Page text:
Speaking of training … proctoring is an excellent way to support the team and beef up your skills at the same time. EMR and Academy proctoring are key to the success of the program. Proctors are also used during each month’s training events and are vital to making the training program work. If you don’t understand what it means to be a proctor, check out the Callout article on proctoring from April 2011.

The Logistics group is always looking for more hands-on helpers, as well. Both skilled and unskilled labor are welcome for the frequent “rehabbing” that needs to be done – getting equipment and supplies ready for the next search, training or medical event and cleaning up from same. Lifting, moving and transporting supplies and equipment is one side of it, but those who simply like to tidy up and organize can also be put to good use.

The logistics of the Medical side of the house also could use help. After every medical event or training, there are many re-organizational tasks that are necessary. And before every medical mission there is a lot of prep work to do. During the EMR class, the need for help is weekly – Mondays and every other week Tuesdays and Thursdays, as well. In matters of communications, there are, again, a variety of ways to get involved.

The Comms Group works in developing ways to improve communications for searches and training. Bring your ideas and skills to that table if you have them or just come and learn how things work.

The IT folk work hard to improve methods for myriad search and training tasks, from printing maps to downloading GPS tracks to uploading GPS tracks. If you have a gift for or interest in technology, check in with them.

The New Members crew welcomes help from February through the fall with a number of activities and tasks. Attending orientations (the first Thursday of each month through June) and lending support there is most appreciated. Other needs include help with paperwork; for uniform sizing and dissemination; and with meeting, greeting and helping to shepherd new Academy students at trainings prior to the Academy when students are observing or role-playing.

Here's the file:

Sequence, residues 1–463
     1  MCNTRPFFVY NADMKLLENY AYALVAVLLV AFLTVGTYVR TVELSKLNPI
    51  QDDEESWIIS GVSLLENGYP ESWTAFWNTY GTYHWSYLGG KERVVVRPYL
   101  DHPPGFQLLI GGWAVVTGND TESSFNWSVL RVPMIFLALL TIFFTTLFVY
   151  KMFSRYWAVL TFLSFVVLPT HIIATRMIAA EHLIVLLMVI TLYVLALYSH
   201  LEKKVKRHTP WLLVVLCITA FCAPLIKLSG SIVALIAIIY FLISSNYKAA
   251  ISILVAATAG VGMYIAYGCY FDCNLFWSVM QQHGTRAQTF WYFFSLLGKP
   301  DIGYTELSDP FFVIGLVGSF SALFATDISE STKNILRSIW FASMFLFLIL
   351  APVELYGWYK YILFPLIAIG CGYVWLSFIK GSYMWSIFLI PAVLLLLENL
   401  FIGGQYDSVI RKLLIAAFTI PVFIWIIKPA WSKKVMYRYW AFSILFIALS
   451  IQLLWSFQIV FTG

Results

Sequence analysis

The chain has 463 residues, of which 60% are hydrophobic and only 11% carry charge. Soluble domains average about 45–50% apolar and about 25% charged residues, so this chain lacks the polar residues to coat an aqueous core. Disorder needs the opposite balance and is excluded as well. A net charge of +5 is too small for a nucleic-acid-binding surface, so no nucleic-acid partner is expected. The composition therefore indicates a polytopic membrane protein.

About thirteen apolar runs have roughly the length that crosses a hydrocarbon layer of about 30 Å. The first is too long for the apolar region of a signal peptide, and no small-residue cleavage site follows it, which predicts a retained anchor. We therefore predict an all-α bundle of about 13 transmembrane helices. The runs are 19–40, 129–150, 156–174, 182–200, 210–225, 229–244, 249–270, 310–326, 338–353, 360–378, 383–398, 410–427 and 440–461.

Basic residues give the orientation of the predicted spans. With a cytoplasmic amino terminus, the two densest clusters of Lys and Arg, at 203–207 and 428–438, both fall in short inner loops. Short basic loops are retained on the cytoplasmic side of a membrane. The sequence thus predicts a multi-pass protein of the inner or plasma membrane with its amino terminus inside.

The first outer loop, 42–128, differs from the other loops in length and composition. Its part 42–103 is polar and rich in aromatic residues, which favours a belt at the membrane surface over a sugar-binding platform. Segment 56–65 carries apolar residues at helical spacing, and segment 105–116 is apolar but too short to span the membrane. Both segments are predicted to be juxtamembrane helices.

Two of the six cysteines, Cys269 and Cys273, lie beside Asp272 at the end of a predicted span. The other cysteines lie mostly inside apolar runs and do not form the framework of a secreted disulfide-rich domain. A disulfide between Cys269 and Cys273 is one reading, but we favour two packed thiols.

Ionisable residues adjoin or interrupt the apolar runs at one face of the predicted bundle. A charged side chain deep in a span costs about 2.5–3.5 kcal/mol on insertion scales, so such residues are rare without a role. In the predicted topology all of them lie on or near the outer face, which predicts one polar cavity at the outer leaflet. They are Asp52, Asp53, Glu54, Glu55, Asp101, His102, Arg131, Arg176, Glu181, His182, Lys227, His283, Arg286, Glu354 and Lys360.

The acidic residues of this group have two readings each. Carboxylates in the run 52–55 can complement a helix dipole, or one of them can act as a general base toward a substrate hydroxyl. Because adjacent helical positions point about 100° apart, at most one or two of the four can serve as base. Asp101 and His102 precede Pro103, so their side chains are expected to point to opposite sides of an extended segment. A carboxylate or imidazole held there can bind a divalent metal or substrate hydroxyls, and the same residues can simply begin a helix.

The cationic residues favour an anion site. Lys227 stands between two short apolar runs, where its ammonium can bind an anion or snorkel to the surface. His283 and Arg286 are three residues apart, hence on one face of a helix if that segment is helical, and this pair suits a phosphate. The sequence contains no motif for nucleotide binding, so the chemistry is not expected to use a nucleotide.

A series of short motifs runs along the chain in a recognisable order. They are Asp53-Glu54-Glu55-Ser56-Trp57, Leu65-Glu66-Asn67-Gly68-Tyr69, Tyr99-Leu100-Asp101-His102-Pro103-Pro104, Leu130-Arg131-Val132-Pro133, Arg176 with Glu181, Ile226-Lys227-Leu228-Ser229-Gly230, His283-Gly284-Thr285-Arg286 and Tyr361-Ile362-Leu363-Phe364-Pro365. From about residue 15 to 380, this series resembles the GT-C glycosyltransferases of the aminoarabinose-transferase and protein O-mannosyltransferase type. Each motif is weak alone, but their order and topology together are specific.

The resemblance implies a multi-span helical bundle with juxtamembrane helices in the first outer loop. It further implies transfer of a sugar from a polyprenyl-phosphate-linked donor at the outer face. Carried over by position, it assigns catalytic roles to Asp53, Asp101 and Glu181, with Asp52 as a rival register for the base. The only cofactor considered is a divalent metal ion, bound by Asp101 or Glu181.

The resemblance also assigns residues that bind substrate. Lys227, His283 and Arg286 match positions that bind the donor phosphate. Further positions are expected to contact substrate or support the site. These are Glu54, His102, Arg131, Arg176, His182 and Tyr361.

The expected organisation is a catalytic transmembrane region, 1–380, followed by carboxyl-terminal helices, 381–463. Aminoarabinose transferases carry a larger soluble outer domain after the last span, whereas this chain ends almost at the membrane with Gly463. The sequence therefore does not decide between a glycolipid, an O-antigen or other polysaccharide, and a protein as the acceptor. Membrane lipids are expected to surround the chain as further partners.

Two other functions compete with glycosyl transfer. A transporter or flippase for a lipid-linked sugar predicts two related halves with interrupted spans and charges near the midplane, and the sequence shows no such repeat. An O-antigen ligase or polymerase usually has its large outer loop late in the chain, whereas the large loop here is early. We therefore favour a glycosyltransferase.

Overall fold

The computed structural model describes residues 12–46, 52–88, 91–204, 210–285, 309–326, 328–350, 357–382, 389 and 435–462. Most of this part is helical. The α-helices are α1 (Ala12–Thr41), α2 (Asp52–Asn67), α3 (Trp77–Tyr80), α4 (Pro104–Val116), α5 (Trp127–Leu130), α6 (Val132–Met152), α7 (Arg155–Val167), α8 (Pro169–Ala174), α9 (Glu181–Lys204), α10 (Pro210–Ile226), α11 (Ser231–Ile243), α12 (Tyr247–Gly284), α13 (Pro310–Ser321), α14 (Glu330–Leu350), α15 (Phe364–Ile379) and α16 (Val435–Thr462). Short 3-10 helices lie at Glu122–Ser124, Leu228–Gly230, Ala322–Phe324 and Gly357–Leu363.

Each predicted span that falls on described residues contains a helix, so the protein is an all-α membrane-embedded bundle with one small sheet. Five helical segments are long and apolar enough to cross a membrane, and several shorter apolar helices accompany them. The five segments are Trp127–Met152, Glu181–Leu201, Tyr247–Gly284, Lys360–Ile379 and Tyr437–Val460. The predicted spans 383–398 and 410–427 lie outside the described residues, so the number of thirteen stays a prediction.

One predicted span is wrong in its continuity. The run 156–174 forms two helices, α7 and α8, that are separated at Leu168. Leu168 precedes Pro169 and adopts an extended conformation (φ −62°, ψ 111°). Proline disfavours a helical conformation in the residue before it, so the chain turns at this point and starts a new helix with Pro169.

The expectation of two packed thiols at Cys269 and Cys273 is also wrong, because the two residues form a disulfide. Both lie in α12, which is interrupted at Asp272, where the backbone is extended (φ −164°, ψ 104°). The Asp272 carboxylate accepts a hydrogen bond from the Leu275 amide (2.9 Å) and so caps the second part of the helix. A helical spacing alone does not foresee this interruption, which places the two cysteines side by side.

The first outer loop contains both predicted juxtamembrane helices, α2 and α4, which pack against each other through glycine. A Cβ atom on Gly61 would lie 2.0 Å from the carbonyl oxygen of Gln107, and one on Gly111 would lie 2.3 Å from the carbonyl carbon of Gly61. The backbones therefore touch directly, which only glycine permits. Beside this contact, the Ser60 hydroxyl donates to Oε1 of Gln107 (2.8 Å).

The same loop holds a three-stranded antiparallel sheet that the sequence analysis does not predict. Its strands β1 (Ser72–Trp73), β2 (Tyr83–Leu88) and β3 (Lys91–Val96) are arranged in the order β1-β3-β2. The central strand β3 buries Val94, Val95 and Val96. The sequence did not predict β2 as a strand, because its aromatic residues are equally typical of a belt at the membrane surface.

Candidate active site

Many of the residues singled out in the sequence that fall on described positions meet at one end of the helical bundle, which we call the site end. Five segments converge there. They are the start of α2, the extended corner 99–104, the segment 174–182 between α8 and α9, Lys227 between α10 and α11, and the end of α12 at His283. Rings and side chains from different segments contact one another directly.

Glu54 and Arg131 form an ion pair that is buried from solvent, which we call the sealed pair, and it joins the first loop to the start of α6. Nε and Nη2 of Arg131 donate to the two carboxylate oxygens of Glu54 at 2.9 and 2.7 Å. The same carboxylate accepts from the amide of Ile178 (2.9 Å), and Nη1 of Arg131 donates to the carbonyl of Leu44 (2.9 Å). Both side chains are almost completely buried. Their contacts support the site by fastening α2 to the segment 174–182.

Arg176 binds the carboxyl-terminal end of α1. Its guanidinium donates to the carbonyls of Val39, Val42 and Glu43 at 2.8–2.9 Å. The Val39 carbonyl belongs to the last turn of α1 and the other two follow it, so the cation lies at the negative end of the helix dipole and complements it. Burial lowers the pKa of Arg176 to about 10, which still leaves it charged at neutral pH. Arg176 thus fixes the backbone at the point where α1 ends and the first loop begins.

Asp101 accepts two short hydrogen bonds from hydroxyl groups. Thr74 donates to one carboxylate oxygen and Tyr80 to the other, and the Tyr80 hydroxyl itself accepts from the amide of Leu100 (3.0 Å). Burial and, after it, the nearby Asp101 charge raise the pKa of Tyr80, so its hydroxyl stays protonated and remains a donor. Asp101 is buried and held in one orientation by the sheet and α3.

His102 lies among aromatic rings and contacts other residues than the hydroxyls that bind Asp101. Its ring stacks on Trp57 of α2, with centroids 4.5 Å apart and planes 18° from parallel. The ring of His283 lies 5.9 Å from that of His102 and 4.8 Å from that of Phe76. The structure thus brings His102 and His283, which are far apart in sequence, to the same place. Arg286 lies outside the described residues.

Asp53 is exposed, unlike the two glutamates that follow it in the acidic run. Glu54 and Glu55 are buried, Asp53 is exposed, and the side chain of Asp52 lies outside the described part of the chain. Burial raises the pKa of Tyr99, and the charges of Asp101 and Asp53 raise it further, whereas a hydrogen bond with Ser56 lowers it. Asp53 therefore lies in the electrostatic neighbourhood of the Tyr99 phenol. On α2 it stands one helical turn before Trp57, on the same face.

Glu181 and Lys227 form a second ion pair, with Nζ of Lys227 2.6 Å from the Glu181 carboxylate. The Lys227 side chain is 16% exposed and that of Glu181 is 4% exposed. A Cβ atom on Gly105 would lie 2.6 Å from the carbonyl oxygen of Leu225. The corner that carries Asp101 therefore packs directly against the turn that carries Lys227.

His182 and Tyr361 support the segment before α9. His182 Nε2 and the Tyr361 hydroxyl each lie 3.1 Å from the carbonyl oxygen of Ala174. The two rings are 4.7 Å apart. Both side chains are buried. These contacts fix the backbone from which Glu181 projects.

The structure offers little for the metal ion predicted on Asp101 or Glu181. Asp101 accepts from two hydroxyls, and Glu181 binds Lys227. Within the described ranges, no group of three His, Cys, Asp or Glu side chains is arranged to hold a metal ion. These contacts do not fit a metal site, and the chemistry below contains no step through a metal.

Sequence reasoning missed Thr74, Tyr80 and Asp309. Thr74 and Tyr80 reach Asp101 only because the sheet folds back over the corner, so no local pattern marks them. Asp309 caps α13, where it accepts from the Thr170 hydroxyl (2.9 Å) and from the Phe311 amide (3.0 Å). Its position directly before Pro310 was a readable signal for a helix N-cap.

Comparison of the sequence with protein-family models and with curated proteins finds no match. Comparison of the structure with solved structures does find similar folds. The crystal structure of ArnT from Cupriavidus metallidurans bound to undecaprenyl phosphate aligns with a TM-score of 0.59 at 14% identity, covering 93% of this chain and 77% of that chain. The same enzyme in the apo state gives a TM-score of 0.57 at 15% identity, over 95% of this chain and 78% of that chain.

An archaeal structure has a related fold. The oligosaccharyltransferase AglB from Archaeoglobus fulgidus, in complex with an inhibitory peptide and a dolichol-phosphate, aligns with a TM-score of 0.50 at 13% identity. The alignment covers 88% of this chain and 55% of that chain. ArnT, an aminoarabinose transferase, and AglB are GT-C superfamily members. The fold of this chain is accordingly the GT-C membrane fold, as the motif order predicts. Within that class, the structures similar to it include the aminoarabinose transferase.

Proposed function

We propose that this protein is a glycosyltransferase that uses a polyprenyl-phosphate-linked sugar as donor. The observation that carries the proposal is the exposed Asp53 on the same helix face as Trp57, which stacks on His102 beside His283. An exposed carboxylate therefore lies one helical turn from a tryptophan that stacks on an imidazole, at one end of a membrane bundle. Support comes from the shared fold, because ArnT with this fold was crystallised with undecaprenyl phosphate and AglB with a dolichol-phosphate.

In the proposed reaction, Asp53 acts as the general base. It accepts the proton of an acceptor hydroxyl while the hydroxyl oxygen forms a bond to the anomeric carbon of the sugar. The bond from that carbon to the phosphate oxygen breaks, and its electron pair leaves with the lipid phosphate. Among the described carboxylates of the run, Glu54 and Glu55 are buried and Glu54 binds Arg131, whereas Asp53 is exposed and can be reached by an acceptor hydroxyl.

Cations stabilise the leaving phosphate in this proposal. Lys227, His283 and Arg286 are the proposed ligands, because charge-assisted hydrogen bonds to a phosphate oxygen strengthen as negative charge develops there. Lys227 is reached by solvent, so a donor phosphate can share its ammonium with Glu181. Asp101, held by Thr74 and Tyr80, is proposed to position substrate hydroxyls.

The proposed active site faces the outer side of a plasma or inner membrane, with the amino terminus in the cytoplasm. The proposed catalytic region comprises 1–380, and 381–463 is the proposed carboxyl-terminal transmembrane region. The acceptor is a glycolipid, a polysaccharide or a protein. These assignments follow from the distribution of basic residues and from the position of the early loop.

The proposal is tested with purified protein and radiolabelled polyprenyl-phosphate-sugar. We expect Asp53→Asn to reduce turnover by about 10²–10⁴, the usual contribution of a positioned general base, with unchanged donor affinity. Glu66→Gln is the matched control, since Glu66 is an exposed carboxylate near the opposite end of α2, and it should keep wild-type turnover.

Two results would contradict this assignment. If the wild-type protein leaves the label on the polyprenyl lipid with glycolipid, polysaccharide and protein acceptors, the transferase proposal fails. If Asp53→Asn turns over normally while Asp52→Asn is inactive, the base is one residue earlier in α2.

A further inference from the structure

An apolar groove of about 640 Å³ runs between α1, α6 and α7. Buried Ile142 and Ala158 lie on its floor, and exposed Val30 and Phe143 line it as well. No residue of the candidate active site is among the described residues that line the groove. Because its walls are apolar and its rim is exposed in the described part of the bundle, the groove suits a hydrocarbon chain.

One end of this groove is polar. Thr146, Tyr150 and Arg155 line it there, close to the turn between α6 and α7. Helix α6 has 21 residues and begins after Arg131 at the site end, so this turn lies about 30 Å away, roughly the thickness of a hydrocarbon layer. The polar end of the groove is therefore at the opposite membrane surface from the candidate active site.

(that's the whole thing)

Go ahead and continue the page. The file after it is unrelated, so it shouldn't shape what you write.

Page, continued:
There are public relations events throughout the year that can use people who enjoy conversing with anyone who comes to the table to learn about CoCoSAR. Again, ideas for improving the process are always needed and invited. The team is constantly on the lookout for ways to bring in money to help build programs and purchase equipment.

Fundraising is key to that, whether through grant writing, corporate-giving programs or other fundraising events. The Finance group welcomes all comers who can offer expertise or a simple willingness to help.

The website is about to be reworked and there will definitely be a need for help and suggestions as it undergoes some upgrading. And the Callout staff is always (always!) seeking more people to write articles or help in other ways. If you can’t write, perhaps you are a great photographer and can supply much-needed photos for stories. Or maybe you are adept at WordPress and can help in that way.

And let’s not forget the social side. If you are someone who enjoys people, you can use your skills for SAR Social events. At present, the team has focused on an annual picnic and holiday party, but the options are open for more ideas for those willing to take the lead.

The list goes on and on, but hopefully, you get the drift. Searches or no searches, the team takes a village to run. Every team member who steps up and adds his/her time and energy to any and all tasks helps keep the team the strong unit that it is. Touch base with your coach or take a look at the current organizational chart on the website documents page and find the staff member connected to the area that interests you; you’ll find a way to add your talents to the mix. Want to get involved? All you have to do is ask ….

CoCoSAR Picture Of The Day

photo